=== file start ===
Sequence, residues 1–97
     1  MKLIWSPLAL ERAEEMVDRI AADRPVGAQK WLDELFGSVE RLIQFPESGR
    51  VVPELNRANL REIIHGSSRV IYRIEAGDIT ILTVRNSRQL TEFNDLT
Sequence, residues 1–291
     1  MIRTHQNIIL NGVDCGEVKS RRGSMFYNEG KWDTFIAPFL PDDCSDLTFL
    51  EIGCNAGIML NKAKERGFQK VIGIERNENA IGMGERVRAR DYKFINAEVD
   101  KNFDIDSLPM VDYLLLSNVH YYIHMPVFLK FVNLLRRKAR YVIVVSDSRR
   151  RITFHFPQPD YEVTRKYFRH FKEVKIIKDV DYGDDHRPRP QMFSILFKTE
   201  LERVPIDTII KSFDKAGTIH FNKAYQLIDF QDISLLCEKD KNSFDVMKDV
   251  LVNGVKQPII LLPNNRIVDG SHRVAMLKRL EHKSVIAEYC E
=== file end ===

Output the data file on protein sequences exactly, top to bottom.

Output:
Sequence, residues 1–97
     1  MKLIWSPLAL ERAEEMVDRI AADRPVGAQK WLDELFGSVE RLIQFPESGR
    51  VVPELNRANL REIIHGSSRV IYRIEAGDIT ILTVRNSRQL TEFNDLT
Sequence, residues 1–291
     1  MIRTHQNIIL NGVDCGEVKS RRGSMFYNEG KWDTFIAPFL PDDCSDLTFL
    51  EIGCNAGIML NKAKERGFQK VIGIERNENA IGMGERVRAR DYKFINAEVD
   101  KNFDIDSLPM VDYLLLSNVH YYIHMPVFLK FVNLLRRKAR YVIVVSDSRR
   151  RITFHFPQPD YEVTRKYFRH FKEVKIIKDV DYGDDHRPRP QMFSILFKTE
   201  LERVPIDTII KSFDKAGTIH FNKAYQLIDF QDISLLCEKD KNSFDVMKDV
   251  LVNGVKQPII LLPNNRIVDG SHRVAMLKRL EHKSVIAEYC E